Britania Redington was perhaps 6 years old when she came to a realization. Playing in her bedroom, singing with gusto songs from “Annie,” she came to notice that her voice sounded pleasant.
“I remember being excited and going to a friend’s house, and I said, ‘Look what I can do!'” she says. “And I would sing. I don’t think my friend was as impressed. I think some part of me knew that maybe not everybody could do that. But that’s not really a good reason to pursue anything. I just remember feeling kind of special and really enjoying singing my lungs out.”
Her interest wasn’t spontaneous – Redington’s youth was bathed in music. Her passion for opera began when she heard her grandfather, in his basement, singing along with records of the Italian tenor Enrico Caruso. Her father played classical music albums and enlivened the experience by telling stories to fit with the music. Once Redington heard “Die Zauberflote” at age 14, she became certain that she wanted to be a professional singer. Lessons soon followed, and she’s been studying ever since.
Through high school, she sang with every choir she could find. She already could read music, thanks to lessons on flute and piano. Her family often moved, and upon graduation, Redington, then in North Dakota, had little guidance beyond her family.
Georges Bizet – Je dis que rien ne m’épouvante “Micaela’s Air” from Carmen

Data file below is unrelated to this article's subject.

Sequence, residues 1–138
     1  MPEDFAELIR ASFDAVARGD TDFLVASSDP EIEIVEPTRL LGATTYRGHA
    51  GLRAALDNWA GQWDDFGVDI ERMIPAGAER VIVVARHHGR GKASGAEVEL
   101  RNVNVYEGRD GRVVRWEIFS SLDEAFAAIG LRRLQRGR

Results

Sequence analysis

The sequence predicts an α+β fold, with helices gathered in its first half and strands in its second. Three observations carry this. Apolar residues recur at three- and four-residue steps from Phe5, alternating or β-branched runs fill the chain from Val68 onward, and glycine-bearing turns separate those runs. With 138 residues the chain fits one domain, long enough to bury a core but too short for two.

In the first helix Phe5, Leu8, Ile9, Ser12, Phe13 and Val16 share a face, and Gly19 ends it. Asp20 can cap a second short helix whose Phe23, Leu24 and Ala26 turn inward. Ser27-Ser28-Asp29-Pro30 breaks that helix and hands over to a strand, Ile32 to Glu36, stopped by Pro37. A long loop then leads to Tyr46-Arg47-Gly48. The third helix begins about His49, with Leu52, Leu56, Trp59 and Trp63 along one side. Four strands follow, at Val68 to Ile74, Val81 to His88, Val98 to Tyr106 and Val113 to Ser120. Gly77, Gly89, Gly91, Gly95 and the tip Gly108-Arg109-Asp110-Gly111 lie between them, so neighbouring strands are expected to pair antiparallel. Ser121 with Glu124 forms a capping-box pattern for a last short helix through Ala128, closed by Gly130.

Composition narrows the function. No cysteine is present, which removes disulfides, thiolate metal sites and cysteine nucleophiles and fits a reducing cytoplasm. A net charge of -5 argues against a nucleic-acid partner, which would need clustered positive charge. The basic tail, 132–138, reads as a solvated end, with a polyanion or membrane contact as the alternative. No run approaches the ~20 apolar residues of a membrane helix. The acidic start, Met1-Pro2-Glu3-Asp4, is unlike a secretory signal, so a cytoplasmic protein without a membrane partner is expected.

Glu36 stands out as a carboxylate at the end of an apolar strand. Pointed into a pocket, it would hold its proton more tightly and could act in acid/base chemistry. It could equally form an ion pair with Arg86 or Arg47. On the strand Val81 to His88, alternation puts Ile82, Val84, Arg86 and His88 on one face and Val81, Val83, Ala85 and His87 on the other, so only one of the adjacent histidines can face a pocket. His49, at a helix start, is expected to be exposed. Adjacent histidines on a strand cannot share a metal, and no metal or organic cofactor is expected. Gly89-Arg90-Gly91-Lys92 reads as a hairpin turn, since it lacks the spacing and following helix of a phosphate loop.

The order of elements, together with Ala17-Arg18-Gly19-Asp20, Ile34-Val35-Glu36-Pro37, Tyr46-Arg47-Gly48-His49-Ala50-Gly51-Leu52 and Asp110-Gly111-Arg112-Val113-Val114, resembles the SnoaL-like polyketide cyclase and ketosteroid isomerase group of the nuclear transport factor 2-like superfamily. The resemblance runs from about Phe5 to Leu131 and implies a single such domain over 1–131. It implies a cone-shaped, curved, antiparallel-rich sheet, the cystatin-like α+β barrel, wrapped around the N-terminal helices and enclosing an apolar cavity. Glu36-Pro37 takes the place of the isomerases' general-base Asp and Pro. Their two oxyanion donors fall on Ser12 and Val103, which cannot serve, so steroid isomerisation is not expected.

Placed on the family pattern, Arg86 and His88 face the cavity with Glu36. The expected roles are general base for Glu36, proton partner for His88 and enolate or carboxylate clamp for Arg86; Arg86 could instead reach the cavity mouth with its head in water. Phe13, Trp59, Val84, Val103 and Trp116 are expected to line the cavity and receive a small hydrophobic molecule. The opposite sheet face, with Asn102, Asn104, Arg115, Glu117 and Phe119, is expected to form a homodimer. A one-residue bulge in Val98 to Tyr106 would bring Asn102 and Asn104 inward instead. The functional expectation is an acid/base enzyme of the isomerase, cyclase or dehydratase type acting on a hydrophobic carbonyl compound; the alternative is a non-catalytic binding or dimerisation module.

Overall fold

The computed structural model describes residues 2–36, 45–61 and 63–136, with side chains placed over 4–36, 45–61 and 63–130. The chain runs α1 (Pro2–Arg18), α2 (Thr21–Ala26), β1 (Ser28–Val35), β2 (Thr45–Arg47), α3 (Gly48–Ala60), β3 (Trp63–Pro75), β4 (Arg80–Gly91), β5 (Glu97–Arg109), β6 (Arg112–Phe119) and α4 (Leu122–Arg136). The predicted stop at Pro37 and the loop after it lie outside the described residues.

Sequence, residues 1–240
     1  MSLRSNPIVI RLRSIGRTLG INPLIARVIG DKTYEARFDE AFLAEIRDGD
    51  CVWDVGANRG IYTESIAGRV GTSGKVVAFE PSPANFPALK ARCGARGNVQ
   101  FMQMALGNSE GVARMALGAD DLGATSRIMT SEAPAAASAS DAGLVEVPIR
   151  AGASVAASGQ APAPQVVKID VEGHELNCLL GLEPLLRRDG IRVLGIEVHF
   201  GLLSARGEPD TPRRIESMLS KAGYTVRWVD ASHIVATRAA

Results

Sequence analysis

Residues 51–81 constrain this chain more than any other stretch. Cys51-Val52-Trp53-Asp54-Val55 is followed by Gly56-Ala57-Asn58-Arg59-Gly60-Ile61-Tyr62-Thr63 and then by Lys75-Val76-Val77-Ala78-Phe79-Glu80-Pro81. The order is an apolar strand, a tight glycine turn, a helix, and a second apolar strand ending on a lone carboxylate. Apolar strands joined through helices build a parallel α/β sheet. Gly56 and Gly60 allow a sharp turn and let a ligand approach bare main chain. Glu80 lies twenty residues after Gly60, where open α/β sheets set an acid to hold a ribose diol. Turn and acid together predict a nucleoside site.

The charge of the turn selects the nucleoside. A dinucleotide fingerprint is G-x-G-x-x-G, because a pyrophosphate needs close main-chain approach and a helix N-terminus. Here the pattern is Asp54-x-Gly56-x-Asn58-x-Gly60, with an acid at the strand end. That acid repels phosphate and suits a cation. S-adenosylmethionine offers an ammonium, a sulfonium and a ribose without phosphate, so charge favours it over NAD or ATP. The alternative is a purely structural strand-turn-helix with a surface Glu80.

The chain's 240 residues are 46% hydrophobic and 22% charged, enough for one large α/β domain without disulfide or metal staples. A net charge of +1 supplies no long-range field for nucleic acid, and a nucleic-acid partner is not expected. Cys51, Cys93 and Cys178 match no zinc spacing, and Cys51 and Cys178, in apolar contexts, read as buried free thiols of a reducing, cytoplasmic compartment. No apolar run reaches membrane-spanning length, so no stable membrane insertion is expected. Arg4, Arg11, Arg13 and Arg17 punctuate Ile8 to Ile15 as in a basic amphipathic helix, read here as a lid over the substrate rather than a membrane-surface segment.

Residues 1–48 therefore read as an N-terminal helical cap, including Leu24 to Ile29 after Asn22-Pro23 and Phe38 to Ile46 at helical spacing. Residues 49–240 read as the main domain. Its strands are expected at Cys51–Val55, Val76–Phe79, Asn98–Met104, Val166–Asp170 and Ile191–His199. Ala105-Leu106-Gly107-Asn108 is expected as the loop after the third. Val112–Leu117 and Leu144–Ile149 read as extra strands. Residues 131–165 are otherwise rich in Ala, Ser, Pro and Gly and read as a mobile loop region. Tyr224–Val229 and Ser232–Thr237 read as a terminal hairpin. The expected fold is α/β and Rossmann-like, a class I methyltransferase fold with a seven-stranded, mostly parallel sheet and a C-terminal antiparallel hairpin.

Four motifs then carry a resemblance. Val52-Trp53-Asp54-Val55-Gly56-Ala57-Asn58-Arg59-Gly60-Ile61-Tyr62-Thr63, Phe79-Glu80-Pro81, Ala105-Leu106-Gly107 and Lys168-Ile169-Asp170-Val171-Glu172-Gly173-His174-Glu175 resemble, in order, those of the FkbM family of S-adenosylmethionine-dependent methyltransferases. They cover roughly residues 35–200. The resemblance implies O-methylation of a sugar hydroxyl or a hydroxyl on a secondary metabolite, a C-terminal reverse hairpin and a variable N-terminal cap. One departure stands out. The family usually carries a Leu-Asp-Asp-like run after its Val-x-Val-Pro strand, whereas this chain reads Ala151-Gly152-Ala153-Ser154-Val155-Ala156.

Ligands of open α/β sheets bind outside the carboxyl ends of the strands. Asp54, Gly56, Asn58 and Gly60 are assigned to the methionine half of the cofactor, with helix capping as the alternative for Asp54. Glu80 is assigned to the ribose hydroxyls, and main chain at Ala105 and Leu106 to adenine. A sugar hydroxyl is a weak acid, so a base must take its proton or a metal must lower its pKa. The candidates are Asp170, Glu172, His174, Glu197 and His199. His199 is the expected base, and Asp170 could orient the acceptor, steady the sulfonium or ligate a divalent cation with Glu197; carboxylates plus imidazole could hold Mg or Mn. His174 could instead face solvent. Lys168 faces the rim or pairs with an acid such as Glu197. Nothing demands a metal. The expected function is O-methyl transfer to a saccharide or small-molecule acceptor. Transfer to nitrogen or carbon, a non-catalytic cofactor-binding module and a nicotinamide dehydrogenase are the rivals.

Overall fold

Full length: 4 minutes 52 seconds
Work sample: 4 minute 52 seconds
Giacomo Puccini – Signore, ascolta! from Turandot
Full length: 2 minutes
Work sample: 2 minutes
“Nobody there could tell me, ‘Oh, you need to go here,’ or, ‘You need to do this and that,'” she says. “It was a lot of guesswork, and I took a few years off here and there.”
Redington, a soprano, has lived in Delaware since completing her master’s degree. Now an adjunct professor at Wesley College, Redington teaches voice, opera scenes and has led a range of classes on subjects such as the history of rock, world music, and music and spirituality. She also maintains a small studio of private voice students.
Lately, she has been working on two projects: the first is a standard voice recital (7 p.m., May 23, Dover Presbyterian Church) featuring art songs in French, German, English and Spanish, along with some of her favorite arias; the second, whose performance date and venue has yet to be determined, will be a cabaret including some of her favorite songs from the Great American Songbook, as well as select classical pieces. (She’s been working on the latter with a New York director.)
The Division’s grant, Redington says, will help offset the many expenses of pursuing a singing career, including travel, auditions, application fees, lessons and accompanists.
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